Next, it was time to think about location, location, location!

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Where to go – planning ahead and finding boondocking locations

Marc began researching potential boondocking locations within a reasonable driving distance of our starting point of Descanso, just east of San Diego, CA. After scouring the websites of a few of our favorite full-time RVers for recommendations, we decided to split our time between Yuma and Quartzsite in Arizona, both popular winter destinations for snowbirds who flock to the southwest in search of sunshine, a warm, dry climate and an abundance of free or cheap places to boondock.

Snowbirds are people from the US Northeast, US Midwest, Pacific Northwest or Canada who spend a large part of winter in warmer locales such as California, Arizona, Florida, Texas or elsewhere along the Sun Belt of the southern and southwest United States, Mexico and areas of the Caribbean.

There’s an abundance of free boondocking areas – mostly BLM Land – available in both Yuma and Quartzsite. Marc identified a specific area to park in Yuma, based on reports of strong cell coverage. For Quartzsite, we figured we’d just wing it and find a place park on the day of arrival as we knew there’d be loads to choose from!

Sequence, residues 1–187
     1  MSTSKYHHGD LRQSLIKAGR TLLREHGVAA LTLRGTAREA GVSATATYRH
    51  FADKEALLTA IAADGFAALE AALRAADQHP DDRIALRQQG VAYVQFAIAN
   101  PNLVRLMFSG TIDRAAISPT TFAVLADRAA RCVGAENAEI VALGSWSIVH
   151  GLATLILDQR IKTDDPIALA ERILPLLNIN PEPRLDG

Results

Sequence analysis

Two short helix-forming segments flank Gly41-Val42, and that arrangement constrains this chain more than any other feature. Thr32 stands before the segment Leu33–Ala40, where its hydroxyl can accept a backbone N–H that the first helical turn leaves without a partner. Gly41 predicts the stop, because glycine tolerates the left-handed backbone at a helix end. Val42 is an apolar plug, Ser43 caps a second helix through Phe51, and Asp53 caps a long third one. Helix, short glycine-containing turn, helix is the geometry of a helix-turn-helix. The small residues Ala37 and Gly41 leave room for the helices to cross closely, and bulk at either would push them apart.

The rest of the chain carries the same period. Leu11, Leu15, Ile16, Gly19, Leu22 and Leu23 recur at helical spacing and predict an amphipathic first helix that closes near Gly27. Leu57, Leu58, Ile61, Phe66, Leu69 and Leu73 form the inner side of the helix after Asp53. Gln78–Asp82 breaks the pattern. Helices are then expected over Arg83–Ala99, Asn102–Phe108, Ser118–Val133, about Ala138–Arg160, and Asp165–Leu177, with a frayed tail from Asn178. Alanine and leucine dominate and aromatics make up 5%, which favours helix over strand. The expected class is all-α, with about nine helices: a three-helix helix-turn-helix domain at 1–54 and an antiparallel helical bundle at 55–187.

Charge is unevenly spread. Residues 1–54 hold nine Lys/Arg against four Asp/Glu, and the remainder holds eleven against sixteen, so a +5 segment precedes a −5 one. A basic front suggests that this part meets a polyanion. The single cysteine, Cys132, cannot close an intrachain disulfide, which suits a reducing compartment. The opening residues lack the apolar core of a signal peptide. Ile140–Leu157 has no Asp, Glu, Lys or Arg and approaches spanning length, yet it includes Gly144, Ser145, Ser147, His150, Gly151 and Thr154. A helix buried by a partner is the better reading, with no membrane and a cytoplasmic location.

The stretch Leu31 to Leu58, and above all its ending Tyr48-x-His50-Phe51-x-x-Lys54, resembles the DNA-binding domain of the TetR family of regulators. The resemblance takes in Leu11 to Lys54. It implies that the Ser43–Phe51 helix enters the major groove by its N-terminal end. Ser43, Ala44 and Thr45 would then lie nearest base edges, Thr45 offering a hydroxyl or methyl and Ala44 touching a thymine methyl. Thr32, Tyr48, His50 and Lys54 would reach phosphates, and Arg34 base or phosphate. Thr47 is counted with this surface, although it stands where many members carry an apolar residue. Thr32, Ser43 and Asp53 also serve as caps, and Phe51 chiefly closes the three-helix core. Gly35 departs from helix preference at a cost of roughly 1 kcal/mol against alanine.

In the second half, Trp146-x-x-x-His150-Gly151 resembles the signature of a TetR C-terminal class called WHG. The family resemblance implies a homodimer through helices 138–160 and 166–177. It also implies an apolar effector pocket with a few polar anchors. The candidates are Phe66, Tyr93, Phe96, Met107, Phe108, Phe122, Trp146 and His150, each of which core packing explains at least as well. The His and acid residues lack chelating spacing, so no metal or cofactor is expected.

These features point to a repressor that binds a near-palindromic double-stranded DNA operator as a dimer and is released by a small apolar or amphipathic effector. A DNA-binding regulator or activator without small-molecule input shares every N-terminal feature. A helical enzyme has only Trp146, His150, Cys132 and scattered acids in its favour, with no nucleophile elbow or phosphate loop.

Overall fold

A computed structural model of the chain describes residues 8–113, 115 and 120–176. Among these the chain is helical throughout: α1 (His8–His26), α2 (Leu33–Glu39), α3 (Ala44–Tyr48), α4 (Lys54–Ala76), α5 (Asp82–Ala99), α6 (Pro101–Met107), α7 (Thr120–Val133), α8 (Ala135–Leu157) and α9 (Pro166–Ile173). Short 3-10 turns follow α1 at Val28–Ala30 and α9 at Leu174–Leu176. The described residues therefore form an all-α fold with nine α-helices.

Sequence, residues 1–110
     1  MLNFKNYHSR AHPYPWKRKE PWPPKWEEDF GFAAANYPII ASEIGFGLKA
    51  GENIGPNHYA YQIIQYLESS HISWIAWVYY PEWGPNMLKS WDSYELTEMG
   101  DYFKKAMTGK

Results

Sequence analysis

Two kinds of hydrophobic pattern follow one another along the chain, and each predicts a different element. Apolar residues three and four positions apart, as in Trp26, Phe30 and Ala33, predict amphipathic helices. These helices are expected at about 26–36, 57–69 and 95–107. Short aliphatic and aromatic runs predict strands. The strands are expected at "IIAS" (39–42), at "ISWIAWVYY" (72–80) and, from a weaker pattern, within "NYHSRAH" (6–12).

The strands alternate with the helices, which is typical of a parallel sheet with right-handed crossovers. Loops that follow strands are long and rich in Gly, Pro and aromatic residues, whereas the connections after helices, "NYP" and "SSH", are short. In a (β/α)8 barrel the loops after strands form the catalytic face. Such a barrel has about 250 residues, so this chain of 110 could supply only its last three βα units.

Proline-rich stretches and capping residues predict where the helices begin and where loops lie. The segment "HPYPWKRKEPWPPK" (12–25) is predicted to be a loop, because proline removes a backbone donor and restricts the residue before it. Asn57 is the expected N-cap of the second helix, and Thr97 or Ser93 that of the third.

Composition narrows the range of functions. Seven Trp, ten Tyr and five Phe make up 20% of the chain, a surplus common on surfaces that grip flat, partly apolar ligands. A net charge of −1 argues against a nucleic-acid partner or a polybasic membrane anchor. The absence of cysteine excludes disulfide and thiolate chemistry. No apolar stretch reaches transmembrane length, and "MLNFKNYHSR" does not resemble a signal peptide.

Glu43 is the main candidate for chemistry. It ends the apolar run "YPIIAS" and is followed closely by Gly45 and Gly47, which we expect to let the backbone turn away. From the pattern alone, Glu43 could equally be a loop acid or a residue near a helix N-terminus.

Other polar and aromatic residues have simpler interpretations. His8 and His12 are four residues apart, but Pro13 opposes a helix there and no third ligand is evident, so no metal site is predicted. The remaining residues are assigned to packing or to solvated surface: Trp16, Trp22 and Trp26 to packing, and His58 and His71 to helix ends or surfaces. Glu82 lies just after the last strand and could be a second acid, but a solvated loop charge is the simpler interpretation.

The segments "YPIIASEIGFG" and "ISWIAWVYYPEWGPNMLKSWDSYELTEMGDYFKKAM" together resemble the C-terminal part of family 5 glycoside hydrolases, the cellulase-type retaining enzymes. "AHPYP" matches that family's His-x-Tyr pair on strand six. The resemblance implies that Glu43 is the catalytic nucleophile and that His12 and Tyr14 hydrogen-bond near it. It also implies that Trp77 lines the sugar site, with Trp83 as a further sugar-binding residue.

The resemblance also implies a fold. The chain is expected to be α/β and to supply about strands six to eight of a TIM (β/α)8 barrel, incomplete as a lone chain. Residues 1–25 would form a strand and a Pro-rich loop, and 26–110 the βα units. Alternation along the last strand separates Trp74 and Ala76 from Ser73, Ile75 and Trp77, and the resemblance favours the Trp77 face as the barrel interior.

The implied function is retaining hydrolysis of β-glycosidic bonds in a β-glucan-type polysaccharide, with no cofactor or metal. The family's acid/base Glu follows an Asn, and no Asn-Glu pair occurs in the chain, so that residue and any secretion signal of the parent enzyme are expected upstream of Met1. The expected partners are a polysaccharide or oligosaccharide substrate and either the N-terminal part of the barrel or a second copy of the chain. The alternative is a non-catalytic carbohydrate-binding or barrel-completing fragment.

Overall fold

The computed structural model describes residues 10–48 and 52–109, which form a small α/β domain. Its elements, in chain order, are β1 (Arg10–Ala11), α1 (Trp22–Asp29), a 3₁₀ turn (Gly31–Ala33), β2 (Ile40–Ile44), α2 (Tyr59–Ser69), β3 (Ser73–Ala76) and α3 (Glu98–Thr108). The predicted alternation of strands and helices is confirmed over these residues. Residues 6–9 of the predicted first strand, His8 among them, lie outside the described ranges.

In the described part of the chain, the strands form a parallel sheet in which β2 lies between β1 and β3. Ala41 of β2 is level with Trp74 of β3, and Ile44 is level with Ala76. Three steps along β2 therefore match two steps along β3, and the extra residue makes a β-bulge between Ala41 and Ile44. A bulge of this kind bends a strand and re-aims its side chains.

Did you know? One eighth of all USA land is publicly owned, and is administered by the Bureau of Land Management. Commonly known as BLM Land, much of it is available to the public to camp for free – typically up to 14 days – although you may be able to stay longer for a fee.

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So, with our destinations – Yuma and Quartzsite – decided upon, we hit the road after work on a Friday afternoon and headed east for our 8 days and 9 nights of boondocking in the desert! With so much to cover – our experiences, insights and learnings – we decided to share them in a little series of blog posts for easier reading.

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Day 1: A change of plans already and casino camping in Yuma, AZ

It was a ruggedly beautiful drive east bound as along Interstate 8, which runs pretty much parallel to the Mexican border. While traveling along one section, we were so close to Mexico that my cell phone carrier sent me a text message welcoming me abroad! Soon, the landscape changed from mountains to desert and sand dunes, where we saw a trike paraglider flying over the Algodones dunes. Beautiful!